LAGOS (Reuters) - Nigerian workers at U.S. oil major Exxon Mobil Corp have gone on strike in protest over the sacking of workers, oil labor union officials said on Thursday.
Nigerian labor unions have criticized oil companies for sacking workers in the last few months and held a number of strikes.
Abel Agarin, who chairs the Lagos zone of the Petroleum and Natural Gas Senior Staff Association of Nigeria (PENGASSAN), said members of his union were on strike in protest at the sacking of 150 workers in December. He said 82 were PENGASSAN members.
“We want them to be brought back and if that is not possible we want a proper severance package for them,” said Agarin, who led around 50 protesters in the commercial capital.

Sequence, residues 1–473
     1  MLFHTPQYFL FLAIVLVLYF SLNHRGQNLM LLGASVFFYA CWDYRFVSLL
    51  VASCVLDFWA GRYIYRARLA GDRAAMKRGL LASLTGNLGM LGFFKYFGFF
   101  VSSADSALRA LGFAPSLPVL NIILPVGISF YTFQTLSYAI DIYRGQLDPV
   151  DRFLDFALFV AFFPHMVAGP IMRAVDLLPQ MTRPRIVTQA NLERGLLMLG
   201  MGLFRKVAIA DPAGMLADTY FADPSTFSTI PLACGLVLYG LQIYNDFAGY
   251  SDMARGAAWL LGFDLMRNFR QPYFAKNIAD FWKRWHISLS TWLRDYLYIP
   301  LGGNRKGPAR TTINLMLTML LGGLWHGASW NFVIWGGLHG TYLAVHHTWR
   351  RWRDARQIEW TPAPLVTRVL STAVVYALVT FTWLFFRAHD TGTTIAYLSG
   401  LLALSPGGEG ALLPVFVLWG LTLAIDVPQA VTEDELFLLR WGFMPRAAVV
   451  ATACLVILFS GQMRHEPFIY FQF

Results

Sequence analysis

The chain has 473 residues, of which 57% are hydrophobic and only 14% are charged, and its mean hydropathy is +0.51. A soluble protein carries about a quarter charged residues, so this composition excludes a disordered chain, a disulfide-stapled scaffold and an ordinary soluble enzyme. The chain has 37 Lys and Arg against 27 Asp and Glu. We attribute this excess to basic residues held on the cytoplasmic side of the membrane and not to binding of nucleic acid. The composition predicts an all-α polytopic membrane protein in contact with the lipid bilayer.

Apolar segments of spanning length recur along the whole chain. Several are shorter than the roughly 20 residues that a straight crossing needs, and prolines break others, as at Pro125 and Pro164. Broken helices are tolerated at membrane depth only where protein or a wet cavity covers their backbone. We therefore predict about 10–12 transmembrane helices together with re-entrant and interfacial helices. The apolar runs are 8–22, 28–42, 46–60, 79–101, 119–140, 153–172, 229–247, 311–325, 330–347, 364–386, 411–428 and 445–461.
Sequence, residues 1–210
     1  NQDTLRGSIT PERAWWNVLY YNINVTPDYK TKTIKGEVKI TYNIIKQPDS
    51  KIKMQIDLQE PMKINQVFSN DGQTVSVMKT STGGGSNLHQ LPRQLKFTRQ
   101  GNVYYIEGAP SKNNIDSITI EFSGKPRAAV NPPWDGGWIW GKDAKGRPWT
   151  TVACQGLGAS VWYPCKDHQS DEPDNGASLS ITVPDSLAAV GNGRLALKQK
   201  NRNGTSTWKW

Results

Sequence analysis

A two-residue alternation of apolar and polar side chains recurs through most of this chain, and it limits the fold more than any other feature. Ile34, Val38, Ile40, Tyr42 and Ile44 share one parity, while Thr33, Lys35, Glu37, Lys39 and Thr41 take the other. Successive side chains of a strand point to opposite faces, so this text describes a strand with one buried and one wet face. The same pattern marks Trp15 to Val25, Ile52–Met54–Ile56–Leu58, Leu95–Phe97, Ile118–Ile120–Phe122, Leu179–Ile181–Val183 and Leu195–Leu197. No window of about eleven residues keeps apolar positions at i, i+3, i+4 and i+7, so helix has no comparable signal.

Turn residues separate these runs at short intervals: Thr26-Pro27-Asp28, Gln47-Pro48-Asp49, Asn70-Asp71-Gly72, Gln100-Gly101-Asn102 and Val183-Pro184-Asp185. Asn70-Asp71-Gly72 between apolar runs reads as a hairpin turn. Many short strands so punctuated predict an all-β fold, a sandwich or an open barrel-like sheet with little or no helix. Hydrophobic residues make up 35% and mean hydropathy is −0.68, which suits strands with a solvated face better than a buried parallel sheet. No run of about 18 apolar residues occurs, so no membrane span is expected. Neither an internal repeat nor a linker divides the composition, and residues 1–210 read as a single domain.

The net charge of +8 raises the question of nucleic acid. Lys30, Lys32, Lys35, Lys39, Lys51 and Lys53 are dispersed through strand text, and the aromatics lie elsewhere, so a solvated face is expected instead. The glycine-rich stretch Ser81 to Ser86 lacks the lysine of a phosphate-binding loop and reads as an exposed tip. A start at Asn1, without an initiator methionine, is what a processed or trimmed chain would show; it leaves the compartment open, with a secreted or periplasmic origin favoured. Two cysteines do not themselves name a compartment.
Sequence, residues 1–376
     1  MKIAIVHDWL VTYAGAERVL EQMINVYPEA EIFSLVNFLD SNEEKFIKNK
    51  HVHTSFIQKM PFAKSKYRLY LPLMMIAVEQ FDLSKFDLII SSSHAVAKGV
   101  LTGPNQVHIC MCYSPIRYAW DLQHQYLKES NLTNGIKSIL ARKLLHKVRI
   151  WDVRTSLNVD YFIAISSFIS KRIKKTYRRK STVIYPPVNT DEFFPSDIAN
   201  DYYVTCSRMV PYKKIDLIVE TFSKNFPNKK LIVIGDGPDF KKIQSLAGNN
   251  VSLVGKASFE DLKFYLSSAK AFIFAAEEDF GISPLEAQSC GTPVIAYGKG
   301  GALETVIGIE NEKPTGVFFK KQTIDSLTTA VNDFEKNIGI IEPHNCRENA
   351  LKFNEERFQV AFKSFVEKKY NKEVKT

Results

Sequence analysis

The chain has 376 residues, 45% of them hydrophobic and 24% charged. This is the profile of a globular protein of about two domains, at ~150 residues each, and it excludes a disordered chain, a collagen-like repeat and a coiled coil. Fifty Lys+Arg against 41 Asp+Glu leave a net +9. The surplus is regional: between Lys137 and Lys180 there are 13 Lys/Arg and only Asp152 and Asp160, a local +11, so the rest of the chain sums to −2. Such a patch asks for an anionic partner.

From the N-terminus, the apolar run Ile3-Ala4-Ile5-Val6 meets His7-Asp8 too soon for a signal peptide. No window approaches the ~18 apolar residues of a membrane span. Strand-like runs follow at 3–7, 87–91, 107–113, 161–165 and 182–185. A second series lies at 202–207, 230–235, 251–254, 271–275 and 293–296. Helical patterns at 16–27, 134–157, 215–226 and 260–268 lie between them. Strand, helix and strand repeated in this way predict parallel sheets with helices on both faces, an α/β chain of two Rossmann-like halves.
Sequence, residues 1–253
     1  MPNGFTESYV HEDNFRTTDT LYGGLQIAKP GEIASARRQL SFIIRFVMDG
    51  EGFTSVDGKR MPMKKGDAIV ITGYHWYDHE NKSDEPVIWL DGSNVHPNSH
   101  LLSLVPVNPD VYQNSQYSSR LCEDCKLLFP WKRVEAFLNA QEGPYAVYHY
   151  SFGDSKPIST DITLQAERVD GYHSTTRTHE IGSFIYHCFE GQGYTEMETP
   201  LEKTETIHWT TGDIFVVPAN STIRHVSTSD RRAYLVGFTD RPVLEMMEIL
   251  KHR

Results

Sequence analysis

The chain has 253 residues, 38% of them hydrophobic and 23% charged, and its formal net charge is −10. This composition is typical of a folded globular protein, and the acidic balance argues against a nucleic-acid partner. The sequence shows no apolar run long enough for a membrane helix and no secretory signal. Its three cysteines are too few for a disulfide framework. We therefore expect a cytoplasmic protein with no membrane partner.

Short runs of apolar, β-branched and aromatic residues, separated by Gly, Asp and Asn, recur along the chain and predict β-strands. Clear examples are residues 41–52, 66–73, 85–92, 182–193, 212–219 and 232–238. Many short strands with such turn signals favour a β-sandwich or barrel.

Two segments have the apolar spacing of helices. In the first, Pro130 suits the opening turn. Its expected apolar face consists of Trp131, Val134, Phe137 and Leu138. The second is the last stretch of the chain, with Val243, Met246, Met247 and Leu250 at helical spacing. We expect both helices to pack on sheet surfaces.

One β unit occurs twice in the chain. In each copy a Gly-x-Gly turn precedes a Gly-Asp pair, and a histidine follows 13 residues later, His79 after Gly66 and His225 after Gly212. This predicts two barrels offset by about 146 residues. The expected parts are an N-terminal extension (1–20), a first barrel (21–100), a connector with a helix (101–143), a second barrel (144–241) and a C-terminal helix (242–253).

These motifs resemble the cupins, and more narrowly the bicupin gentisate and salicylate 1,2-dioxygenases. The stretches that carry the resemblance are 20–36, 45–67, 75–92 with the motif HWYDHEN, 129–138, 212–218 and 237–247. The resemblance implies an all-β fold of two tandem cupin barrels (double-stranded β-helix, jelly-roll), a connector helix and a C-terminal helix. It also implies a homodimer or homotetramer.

PENGASSAN said strikes were being held in Lagos, Bonny, Akwa Ibom and Port Harcourt.
A spokesman for Exxon Mobil said by email that there were “no impacts” on oil production.
Two oil traders said it was too early to say whether the strikes would have an impact on production.
Strikes by Exxon workers in Nigeria at the end of 2016 did impact output, leading to weeks-long loading delays.
Reporting by Tife Owolabi, Libby George and Alexis Akwagyiram; writing by Ulf Laessing and Alexis Akwagyiram; editing by Jason Neely
Our Standards: The Thomson Reuters Trust Principles.